It was in the middle of this that I started developing a relationship with Loudist on the forum, as I did not know his real name for a while. He ultimately invited me to a kind of secret forum where a group of the regulars would socialize and to some extent plan concerted shit stirring in the forum. Here I got to know him better and we began speaking on the phone.

Loudist had a dry and dark sense of humor, and a love for music, and we got on famously. He did have the habit of talking for hours on the phone. When he called, that was the end of anything else I had planned for the evening. We spent countless enjoyable hours discussing the Theory of the Popular Song, and solved many other world problems as well… 😉

On one occasion, I was flying to Colombia and had a 6 hour layover in Miami. I made plans with Steve for him to pick me up at the airport and we would go out to lunch. Thusly, I met him in person. Steve took me on a tour of a recording studio he did some work for. I learned that gold records are simply regular records with gold paint. And the records are not of the actual album, but rather a record of some unsold stock that had the same number of tracks. The actual record itself was worth money to sell, so they would not waste that on a wall decoration…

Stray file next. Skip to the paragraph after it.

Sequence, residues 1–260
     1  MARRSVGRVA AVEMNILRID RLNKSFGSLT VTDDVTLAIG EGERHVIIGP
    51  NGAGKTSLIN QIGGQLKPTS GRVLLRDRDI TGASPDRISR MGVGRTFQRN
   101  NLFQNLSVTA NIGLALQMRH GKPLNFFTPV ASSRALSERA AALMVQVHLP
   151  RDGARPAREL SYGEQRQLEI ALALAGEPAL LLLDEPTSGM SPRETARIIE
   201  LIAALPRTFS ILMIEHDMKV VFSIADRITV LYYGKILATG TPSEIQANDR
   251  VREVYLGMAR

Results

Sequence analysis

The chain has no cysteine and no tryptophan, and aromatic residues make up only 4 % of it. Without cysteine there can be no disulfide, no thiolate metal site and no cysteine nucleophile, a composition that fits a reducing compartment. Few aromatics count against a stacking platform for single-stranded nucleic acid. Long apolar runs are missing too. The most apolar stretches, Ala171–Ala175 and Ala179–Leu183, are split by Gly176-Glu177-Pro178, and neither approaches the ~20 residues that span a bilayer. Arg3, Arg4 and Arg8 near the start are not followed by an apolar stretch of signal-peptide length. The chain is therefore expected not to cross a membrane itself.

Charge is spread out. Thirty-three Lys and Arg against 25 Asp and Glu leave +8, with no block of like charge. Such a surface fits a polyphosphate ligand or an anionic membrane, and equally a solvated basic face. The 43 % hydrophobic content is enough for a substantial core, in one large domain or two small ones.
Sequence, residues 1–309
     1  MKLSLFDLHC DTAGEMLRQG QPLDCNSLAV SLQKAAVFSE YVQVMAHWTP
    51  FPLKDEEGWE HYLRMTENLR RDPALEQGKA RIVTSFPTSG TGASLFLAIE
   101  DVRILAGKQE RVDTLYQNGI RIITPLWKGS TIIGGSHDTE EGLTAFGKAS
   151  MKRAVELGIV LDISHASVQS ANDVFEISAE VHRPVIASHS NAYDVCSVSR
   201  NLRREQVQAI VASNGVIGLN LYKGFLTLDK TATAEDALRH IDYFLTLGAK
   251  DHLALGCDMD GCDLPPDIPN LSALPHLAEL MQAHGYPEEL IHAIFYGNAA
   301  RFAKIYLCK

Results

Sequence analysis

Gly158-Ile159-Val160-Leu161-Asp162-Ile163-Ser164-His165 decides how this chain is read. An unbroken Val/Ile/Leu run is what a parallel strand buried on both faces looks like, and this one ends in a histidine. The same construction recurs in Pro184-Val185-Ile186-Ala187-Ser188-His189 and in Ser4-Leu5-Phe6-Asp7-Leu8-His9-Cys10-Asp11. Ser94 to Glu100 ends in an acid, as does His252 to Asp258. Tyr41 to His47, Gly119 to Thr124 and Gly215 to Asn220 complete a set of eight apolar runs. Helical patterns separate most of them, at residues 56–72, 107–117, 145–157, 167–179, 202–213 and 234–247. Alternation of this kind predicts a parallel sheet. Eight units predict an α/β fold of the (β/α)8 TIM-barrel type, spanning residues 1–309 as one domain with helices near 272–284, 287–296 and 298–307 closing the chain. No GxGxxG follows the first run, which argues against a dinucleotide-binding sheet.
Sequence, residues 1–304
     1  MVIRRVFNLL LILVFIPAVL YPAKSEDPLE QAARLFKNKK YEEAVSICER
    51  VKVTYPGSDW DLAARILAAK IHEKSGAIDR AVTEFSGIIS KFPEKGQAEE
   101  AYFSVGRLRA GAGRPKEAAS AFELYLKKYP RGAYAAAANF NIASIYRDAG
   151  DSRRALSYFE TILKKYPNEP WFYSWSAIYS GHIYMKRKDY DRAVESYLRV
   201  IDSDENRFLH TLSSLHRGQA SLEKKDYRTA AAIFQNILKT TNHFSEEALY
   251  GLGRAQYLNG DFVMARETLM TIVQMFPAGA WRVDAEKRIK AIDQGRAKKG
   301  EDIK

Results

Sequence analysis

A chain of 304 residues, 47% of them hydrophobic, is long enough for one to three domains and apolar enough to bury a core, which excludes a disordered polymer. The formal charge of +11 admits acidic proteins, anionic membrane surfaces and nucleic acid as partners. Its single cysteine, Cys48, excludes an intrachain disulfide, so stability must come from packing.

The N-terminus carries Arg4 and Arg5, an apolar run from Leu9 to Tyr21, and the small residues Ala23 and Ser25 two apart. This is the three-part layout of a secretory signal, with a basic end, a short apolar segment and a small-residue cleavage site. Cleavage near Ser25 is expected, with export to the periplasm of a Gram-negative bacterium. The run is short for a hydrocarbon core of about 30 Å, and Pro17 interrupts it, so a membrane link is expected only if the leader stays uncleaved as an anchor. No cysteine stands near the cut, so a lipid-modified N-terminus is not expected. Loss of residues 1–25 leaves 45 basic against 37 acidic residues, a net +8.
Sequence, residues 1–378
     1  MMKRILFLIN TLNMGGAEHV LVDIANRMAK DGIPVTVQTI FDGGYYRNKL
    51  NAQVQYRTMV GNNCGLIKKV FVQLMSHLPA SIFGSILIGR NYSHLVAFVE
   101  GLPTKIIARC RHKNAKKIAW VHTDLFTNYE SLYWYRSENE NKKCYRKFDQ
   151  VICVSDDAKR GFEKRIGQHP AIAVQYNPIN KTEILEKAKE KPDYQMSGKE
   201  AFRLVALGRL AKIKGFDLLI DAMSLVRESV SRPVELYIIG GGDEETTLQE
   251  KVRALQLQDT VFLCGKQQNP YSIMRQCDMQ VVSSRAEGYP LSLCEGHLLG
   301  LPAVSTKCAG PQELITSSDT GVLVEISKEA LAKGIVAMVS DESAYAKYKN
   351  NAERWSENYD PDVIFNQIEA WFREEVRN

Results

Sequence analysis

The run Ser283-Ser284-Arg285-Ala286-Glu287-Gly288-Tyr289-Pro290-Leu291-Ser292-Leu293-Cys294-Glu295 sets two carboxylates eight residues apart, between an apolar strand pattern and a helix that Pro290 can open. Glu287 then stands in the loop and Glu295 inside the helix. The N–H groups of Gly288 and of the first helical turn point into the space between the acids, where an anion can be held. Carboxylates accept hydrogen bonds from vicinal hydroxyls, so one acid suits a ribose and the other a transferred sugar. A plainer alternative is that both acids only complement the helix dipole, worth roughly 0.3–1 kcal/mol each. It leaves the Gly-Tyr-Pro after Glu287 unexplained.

On November 21, 2005, to my horror I saw a post on the forum entitled “Loudest has died”. I resolved to fly to Florida and meet his family and extend my regrets–and did so. Some other guys from the forum came as well, and we car-pooled to the funeral reception. On the way, these guys started blowing doobie in the car. I did not participate, but got plenty of second had smoke… When we showed up at the house and opened the car doors, some smoke billowed out, and I felt like it was a scene from the movie Up In Smoke. My clothes smelled like reefer and I wanted to tell Steve’s relatives that I wasn’t inhaling, but that would have made it more awkward, and nobody really cared.

At this gathering, I had the chance to speak to one of the engineers who recorded the Layla album, and he gave me the skinny on how that went down–but that’s a story for another day. Also met the guy who mixed down La Vida Loca and heard some back story on that as well. I joined a dinner in the hotel with these industry guys around the table, dishing the gossip on the rich and famous, and that was as cool a thing as I could ever imagine.

Steve’s brother played Pink Floyd’s Wish You Were Here on an acoustic guitar and sang it, and he remarked it was the hardest song he had ever played. Loudist, I remember and miss you, and with all my heart, wish you were still here.